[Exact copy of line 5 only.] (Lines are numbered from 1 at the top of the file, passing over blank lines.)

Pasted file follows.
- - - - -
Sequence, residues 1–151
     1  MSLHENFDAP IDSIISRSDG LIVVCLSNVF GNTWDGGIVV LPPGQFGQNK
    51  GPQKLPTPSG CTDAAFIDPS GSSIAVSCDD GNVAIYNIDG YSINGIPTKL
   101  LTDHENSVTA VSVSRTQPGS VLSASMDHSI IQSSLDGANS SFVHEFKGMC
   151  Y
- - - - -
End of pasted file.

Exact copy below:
   151  Y